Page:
New keyboards are always fun. I always found they tend to have that ‘new touch’ that you are enamored with for a few weeks. The last time I chose a new keyboard was a decade ago when I picked up a Microsoft Ergonomic keyboard. It took some getting used to with some bad typing habits going away pretty quickly with the split design. I really enjoyed that keyboard, but they’ve since moved onto other styles and I wanted something different and customizable.
Last December I recently purchased something new. A keyboard to improve ergonomics by relieving wrist pain and to keep my arms at shoulder width while I type. I looked around and there were so many more options than I ever realized. I did not want to build my own and eventually I purchased a white Moonlander).
Split keyboards are not new and there are quite a few to choose from or build your own. The Moonlander is a split keyboard that aims to improve ergonomics by keeping your hands at shoulder width, providing tenting to keep your hands at a natural position and is fully customizable in so many ways. It’s layout is much different than what folks are probably used to, with an ortho-linear approach and a completely split keyboard design.
It comes fully assembled and from what I can tell, very premium in quality. Each are hand built in Taiwan and take some time to build and arrive, mine took about a month.
Since this design is completely split, I’ve had some fun finding what goes well in the middle.
- A surface pro fits perfectly
- Google Home also fits well so you can keep an eye on your 1 year old
- A notebook for notes
What’s in the box?
- The Keyboard
- Travel Case - I’m not sure how often I’ll travel with this, but I may find it handy if/when we return to our office life post-covid.
- Tools - A wrench is provided that allows you to change the tenting angle and the key extractor provides an easy way to move keys and switches.
Let’s talk about keys
The keys feel fantastic, they have a small amount of texture that you can see above. I chose the Cherry MX Brown switches which feel great when typing. They aren’t too loud but may annoy someone nearby (I might avoid bringing this to work). Each key has full RGB lighting which you can customize. You can toggle the in-build animations, or, have your own colors scheme for each layer which may help identify keys during training.
Eventually, I may swap out the keys for blanks as most of my typing is touch…I rarely if-ever, look at the keys. Some keys do not do what they’re labeled so it makes more sense to do.
The keyboard is very customizable. You can swap physical keys and change what keys do which command/letter/digit, etc. If you prefer different mechanical switches, you can swap those out. If you find keycaps online you want, you can swap those out too.
The web based tool is fantastic and every time you make a change, it creates a new revision (it has a source-control feel to it) so you can revert changes easily. You can also search, discover and clone other layouts users have created which is handy at the beginning. Once you have a solid layout foundation, you’ll likely steal ideas from other layouts for placement but build your perfect layout.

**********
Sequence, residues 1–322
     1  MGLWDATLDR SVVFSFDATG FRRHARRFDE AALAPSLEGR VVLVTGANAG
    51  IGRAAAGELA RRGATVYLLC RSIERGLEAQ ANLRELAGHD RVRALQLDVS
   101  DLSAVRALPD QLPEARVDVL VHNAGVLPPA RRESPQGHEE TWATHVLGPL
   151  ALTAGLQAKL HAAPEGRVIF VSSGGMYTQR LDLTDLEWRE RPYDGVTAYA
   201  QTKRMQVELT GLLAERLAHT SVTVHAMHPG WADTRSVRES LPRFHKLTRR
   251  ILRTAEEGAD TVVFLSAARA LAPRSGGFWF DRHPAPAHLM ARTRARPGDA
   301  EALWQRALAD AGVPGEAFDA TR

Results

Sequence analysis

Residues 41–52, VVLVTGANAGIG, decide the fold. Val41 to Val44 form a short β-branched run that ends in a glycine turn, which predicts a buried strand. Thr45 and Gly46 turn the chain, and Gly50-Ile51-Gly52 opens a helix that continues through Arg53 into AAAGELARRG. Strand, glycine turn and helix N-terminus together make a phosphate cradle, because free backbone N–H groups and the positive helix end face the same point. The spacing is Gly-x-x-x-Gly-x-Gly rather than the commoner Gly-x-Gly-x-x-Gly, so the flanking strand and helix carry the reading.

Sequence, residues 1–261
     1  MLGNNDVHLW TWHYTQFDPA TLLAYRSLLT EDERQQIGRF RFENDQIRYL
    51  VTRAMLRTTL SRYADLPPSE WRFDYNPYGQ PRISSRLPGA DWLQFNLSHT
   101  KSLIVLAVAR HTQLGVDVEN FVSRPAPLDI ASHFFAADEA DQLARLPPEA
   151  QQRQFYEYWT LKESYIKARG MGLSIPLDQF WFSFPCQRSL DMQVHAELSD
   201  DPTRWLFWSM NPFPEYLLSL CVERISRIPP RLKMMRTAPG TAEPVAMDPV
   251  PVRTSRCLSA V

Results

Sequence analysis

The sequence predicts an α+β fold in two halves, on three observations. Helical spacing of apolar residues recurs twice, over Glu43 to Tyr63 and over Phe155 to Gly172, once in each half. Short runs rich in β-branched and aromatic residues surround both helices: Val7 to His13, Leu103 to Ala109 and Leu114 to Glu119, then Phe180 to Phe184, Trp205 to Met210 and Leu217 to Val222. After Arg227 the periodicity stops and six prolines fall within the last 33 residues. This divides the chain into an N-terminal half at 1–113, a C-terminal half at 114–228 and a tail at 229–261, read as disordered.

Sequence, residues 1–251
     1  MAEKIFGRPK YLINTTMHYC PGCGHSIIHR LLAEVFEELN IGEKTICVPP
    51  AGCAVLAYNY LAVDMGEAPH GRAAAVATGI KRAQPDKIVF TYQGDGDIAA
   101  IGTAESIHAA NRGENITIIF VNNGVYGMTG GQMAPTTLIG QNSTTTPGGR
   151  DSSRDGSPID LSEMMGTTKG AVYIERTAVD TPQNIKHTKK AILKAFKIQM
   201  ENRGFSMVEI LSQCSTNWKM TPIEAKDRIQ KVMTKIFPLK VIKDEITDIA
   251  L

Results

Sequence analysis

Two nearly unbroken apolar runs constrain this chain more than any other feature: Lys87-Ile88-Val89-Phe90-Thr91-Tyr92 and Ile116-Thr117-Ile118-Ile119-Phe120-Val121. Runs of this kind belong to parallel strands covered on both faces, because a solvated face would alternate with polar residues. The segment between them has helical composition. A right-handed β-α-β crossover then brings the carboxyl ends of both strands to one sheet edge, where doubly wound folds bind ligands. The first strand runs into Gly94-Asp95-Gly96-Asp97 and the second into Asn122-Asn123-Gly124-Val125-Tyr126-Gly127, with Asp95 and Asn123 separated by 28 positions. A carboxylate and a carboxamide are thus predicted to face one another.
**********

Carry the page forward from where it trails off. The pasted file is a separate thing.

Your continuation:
My current layout is below and you can view the full version here. I use visual studio/VSCode daily to develop software in C#, ASP.NET Core, React, Typescript and MSSQL so certain keys must be easily reachable.
The hardest adjustment with this keyboard is learning how to type a little differently. Keys are columnar and you have less keys than a regular keyboard. It took me some time to find good location for brackets, the numpad, etc.. All of those are on separate layers (you have 3) so it only takes a few days to get used to that.
Below is a fantastic video I found going through the various animations:
You can customize the tenting so the keyboard is angled more upwards (for smaller hands) or downward (for larger hands.) I’ve chosen to have the tenting downward as I have medium sized hands.
- Bad Typer? - If you are a bad typer, it will take longer but it’ll be worth it in the end.
- Columnar Keys feel different - Columnar is different and it’s hard to explain until you try it, but you’ll get used to it.
- Customize your layout - Find which keys you use daily and consider thier placement.
- Key Placement matters - Do not put the enter and backspace keys together to prevent sending messages in chat not quite ready for sending.
- Tenting matters - Try out different tenting angles that fit your hands, try both extremes to see what you like and don’t like.
- Give it time - I set my keyboard aside for days at a time to get things done at work. When ready, take it out and give it another go.
- Custom Color layer is awesome - Use the custom color layer to help identify keys you want to hit.
I’ve really enjoyed this keyboard over the last month or so. It takes some time to adjust and customize, but you’re hands and shoulders will thank you. I honestly had a week or so where I just couldn’t use it efficiently and that’s OK. The price certainly isn’t for everyone, this is a very expensive keyboard—but if you type all day long, consider some sort of split keyboard.
- Very customizable.
- Comfortable to use once you’ve nailed down the right tenting height.
- Premium build quality.
- Layers, lighting and split make it unique from your average keyboard.
- May not fit certain hands.
- Thumb cluster keys are hard to reach, I only use the top 2 for enter/space.
A few additional videos from other folks are below that are great intros if you’re looking for more: